Look Close, Look Back and Look Up

by Earl J Posted on July 02, 2010

« Back to Photo Tips

If you want to turn your good photos into great photos, let me share an idea with you that has helped me in my photography. I call it the “Look” challenge as I check to see if my picture can be improved by Looking Close, Looking Back or Looking Up.

These first two shots were taken at Taliesin West, a school in Arizona started by famous architect Frank Lloyd Wright. I followed the Rule of Thirds for the first shot, but the small sculpture is lost among buildings, trees and fence. For the second I tried Looking Close and featured the sculpture that now seems larger than life and instead of being lost now frames a building in the school.

The next two photos are from a ceremony that honored American service men who helped bring freedom to the country of Luxembourg during World War II. Of course I wanted to take a photo of the Grand Duke and Duchess of Luxembourg during the award ceremony. Then I remembered to try Looking Back and I captured the wonderful faces of some of the Luxembourg citizens in back of me who were watching the event.

My last two pictures were taken in the sculpture garden of Karl Milles in Stockholm, Sweden. First is a straight-on shot of a sculpture that is kind of lost among the trees while the second is of another sculpture in the garden that shows how Looking Up can improve the composition and turn an ordinary photograph into something special.


  Subscribe to this Blog

Other Ways to Connect

  "Like" us on Facebook
  Follow us on Twitter
  Visit our YouTube Channel
  Visit our Celebrations Digital Scrapbooking Blog


Where's my photo?
  1. ElleSnaps Says:

    Excellent example photos. I will be on the ‘look’ from now on. Great article!

  2. Joey Says:

    Really interesting article Earl with wonderful examples of photos – one can really see a difference. I wil take your advice too and be on the ‘look’ for more creative ways to capture my photos.

  3. AnnAbbott Says:

    Just stepping left or right of your subject can make a big difference in your composition.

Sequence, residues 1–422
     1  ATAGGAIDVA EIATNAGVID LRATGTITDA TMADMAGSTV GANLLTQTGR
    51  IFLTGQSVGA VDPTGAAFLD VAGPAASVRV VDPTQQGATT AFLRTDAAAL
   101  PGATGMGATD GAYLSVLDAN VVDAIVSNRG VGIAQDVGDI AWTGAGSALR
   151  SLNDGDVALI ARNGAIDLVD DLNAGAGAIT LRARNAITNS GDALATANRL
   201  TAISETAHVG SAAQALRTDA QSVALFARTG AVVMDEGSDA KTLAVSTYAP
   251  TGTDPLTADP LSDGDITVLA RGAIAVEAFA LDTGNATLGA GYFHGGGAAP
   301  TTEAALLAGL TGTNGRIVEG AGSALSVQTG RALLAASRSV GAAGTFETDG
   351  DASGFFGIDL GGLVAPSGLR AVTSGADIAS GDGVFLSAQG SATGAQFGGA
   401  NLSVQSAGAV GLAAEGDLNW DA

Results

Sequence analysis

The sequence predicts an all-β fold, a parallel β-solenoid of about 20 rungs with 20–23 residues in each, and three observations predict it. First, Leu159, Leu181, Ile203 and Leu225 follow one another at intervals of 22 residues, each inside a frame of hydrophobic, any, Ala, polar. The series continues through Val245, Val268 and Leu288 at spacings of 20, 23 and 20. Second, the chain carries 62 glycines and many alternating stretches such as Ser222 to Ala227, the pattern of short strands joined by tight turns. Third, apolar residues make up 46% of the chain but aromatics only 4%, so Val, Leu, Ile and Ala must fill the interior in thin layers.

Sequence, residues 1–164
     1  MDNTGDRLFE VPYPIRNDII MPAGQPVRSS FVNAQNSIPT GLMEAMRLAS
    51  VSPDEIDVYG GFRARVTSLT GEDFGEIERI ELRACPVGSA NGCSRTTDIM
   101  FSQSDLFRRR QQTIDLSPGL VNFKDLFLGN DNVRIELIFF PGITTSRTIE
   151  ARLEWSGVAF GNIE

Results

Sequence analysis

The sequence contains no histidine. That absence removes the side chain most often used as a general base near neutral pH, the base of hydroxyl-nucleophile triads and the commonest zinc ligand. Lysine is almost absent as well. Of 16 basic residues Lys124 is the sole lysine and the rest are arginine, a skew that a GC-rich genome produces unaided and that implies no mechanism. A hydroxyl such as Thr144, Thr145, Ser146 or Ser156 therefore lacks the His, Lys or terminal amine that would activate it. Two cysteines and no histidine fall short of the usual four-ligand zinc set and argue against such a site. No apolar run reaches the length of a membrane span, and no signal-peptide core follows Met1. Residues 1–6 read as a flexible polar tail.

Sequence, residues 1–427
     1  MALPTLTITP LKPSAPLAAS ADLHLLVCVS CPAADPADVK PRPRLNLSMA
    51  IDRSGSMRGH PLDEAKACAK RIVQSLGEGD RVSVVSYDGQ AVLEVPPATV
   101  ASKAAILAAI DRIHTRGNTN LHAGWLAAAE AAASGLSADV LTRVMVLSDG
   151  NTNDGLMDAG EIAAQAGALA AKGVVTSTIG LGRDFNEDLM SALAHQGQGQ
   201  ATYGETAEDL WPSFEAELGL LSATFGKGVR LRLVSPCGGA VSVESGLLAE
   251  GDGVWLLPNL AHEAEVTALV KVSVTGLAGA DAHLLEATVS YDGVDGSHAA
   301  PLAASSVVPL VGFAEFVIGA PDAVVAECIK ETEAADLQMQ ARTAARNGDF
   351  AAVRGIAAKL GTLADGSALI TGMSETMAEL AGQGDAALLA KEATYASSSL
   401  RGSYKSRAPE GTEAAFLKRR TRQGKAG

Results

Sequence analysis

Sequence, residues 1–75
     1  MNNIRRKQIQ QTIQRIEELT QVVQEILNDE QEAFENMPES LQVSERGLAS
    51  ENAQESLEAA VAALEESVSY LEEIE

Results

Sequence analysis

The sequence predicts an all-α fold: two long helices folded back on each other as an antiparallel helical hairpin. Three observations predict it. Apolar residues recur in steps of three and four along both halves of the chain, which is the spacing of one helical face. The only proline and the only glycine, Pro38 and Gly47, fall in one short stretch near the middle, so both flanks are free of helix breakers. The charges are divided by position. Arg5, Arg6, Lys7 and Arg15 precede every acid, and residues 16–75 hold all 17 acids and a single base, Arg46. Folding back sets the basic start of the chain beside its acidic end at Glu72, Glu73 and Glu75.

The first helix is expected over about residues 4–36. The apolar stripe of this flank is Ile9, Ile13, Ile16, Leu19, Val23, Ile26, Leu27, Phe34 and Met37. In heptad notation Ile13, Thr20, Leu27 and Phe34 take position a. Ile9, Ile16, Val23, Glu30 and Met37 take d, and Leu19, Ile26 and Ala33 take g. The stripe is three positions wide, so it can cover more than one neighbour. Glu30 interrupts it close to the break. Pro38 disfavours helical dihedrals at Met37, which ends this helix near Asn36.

Turning the camera can make a big difference too.

  4. crazybabydaisy Says:

    Great advice ! I esp love your “look back” tip and example picture! Lucky you to have been able to attend that wonderful event! http://travelswithcrazybabydaisy.blogspot.com/

  5. angies5 Says:

    Love the “look back” technique! I have never thought of it this way. I will definitely incorporate this into capturing memories. Thanks!

  6. Merry Mac Says:

    awesome tips! I am definitely going to use it on my upcoming trip. I would like some advice…I have a digital point and shoot camera: should you always set it to take pictures with the most megapixels?? I will be traveling in Europe and what to have great pictures for my photo book, what should I do? Thanks!

more about Earl J

I'm a long-time film photographer, starting with a darkroom in my parents' fruit-cellar when a teen-ager. I fought the change to digital at first, but no longer. I've become a convert and Shutterfly has been my on-line provider since 2002. Since then I've placed (as I write this) 135 orders for prints, enlargements, calendars for every year and 42 photo books in different sizes. I'm very pleased with the top quality of all Shutterfly products.

View all articles by Earl J »

  I would recommend this to other readers.